The three-passengers-per-seat minibus sitting arrangement, which government introduced some years ago, is gradually disappearing as most minibuses carry four passengers per seat.
Consumers Association of Malawi (Cama), Road traffic directorate and Minibus Owners Association of Malawi (Moam) have pushed the blame on passengers, saying they deliberately allow sitting in rows of four instead of three.
But minibus passengers interviewed randomly in Lilongwe said they are forced to comply with the old sitting arrangement to catch up on time.
Cama executive director John Kapito said there is need for civic education among passengers.
“Consumers, who are passengers in this case, should demand their right to the recommended seating capacity. However, passengers are passive in Malawi as they allow conductors to squeeze them to maximise profits.”
Malawi police traffic in-charge, Mavuto Mbobo, and director of road traffic directorate, James Chirwa, said it is wrong to carry passengers beyond the recommended seating capacity as the law is still in operation.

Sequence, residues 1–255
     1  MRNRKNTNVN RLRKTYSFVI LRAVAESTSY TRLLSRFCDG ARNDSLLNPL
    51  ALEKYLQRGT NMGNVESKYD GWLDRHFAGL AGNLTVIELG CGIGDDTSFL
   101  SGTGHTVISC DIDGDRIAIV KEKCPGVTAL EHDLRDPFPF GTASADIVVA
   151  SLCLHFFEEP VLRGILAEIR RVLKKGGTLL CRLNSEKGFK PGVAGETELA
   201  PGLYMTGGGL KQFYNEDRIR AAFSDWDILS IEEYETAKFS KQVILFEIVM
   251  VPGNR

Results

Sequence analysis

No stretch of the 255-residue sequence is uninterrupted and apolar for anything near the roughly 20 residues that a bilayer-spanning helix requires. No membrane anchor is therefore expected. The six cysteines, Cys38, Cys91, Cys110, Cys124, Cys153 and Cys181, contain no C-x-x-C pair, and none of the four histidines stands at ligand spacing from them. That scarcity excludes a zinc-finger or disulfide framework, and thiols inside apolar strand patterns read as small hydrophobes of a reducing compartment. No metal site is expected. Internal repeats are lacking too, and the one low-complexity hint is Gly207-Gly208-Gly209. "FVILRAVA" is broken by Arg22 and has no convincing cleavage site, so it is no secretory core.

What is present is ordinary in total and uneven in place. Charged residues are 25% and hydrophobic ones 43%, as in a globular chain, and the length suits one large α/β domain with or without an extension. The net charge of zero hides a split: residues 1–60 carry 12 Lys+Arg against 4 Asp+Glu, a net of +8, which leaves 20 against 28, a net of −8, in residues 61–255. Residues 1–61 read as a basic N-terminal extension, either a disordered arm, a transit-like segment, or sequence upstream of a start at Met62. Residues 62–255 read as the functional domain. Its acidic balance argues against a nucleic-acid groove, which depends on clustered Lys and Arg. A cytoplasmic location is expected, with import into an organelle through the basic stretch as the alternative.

“We blame passengers because strangely, they oblige to the wrong seat capacity,” said Chirwa.
Asked why minibus owners allow minibuses to break the law, Moam national secretary, Coaxley Kamange, said minibuses conductors do not force passengers to board a minibus which is already full.
“Passengers are the ones who should check the seat capacity before they board a minibus,” he said.
Kapito backed road traffic police, saying they cannot be on the road all the time; hence, passengers should take responsibility to demand the right practice.
But Kamange has a warning for passengers: “When a 16 seater minibus is involved in an accident, the insurance company compensates only the first the 16 passengers [the others are not compensated].”